Named for Francis Coppola's venerable production company, American Zoetrope, Cafe Zoetrope is located in the majestic Sentinel Building, a San Francisco historic landmark in the heart of North Beach. We are a European-style cafe and offer authentic Italian cuisine and a wide selection of Italian and California wines, including our premium offerings that we carry exclusively at our wineries, cafes and website. One-of-a-kind mementos spanning Francis' long and celebrated film career decorate the walls while the awnings and heated sidewalks make it comfortable to dine outside even in foggy San Francisco weather.
The Sentinel Building
Cafe Zoetrope is located in the historic Sentinel Building on the corner of Kearny and Columbus. One of the most photogenic and recognizable structures in North Beach, the Sentinel Building is lush with history.
In 1906 construction began on this wedge-shaped, flatiron building. The building was still a skeleton when the 1906 earthquake hit, yet miraculously it survived and was completed in 1907.
Abe Ruef was a notorious political boss and lawyer in San Francisco in the early 1900s. He gained notoriety as the corrupt political boss behind the administration of Mayor Eugene Schmitz of San Francisco during the period before and after the 1906 San Francisco earthquake. Ruef's political machine gradually gained control of the Chief of Police, the Board of Supervisors, and several judges. A Federal investigation into corruption at City Hall indicted Ruef and at the time of his trial, Ruef occupied offices in the Sentinel Building.
The ground floor was originally the access point to a very popular underground restaurant, Caesar’s Grill, which claims to be the birthplace of the Caesar salad. This restaurant was closed down during Prohibition for violating anti-alcohol laws. After Caesar’s closed, a covert but popular speakeasy called Neptune’s Grotto was run out of the basement.
During the Great Depression of the 1930’s the building began to decline in form and appearance. The Bohemian movement began to take up shop in the building. Businessmen and corporate and law dealings were replaced by writers and artists who often lived and worked in the building.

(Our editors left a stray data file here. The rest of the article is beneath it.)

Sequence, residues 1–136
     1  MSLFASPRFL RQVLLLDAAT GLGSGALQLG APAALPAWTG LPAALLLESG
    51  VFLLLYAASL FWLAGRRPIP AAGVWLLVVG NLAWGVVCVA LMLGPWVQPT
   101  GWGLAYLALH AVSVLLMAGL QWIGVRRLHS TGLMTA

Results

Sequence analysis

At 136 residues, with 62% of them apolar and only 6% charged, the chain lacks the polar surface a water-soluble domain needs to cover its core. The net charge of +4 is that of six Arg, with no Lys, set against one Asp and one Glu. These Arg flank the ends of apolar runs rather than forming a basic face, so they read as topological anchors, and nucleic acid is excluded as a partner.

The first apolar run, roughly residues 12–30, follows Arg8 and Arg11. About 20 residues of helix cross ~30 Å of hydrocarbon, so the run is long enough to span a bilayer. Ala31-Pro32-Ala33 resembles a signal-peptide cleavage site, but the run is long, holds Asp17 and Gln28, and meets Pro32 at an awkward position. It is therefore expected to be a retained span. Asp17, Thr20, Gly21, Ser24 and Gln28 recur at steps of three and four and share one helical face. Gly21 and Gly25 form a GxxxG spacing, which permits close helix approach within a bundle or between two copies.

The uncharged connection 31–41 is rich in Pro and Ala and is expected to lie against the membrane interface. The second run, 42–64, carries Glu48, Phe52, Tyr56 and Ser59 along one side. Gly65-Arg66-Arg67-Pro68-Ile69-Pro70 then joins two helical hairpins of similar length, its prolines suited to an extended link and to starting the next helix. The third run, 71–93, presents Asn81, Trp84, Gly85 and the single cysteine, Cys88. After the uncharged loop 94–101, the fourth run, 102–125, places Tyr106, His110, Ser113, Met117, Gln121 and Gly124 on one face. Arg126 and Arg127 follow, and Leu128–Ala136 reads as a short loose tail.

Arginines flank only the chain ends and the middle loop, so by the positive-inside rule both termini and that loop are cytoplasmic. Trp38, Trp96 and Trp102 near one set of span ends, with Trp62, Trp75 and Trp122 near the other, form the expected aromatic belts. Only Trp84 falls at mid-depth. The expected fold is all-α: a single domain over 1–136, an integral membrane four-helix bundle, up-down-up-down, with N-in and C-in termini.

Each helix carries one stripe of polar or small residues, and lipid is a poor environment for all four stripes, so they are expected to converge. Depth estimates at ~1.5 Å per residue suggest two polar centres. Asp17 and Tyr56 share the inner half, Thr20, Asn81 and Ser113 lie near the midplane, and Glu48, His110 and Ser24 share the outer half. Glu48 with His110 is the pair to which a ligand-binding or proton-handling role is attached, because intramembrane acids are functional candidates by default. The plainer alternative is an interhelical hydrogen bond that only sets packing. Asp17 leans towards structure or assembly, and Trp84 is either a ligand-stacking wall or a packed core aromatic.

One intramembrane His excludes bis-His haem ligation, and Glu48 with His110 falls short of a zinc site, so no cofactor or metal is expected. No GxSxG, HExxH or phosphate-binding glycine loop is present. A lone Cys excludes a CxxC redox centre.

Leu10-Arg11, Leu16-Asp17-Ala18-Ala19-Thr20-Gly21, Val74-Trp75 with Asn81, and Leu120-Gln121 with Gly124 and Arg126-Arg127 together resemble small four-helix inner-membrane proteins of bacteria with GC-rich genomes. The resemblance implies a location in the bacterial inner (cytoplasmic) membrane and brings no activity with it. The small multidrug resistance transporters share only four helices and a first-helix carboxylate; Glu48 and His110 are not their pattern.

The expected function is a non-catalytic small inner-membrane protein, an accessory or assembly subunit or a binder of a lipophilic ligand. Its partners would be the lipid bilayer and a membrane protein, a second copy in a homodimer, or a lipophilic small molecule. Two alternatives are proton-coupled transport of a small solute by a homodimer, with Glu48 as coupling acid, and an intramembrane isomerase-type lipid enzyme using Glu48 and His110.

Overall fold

In 1949 North Beach local Eric “Big Daddy” Nord sowed the seeds for a nightclub that would reach great fame, starting the hungry i nightclub in the space that Caesar’s had been in. Seeing the club’s potential, Enrico Banducci bought the club from Nord in 1951 with $800 he had borrowed from a friend. It flourished here until 1953 when they were evicted by the fire marshal and moved over to their more famous digs on Jackson Street. Although the basement was having a musical heyday, the overall building was in dismal shape.
In 1958 a Dutch businessman, Robert Moor, purchased the building as an investment at the urging of his architect, Henry Bull, who did not want to see the deteriorating building be torn down. Bull did extensive renovations on the building and a year and a half later it was sold to the Kingston Trio. They renamed it Columbus Tower and turned the basement into a recording studio where they recorded much of their work. Many other musicians and musical groups were allowed to utilize this studio, including the Grateful Dead.
Francis Ford Coppola bought the building in 1972 to be the headquarters for his production company, American Zoetrope. A number of his films including the Godfather II and III, Apocalypse Now, The Conversation, One From The Heart, The Outsiders, and Dracula were written, edited, or sound mixed within these walls.
Cafe Zoetrope, opened in 1999, was created with much thought from Coppola. Many of the items on the menu are his own recipes and the European ambience is something he cultivated. The Cafe functions as a wine bar and a restaurant in the style of a Roman Trattoria.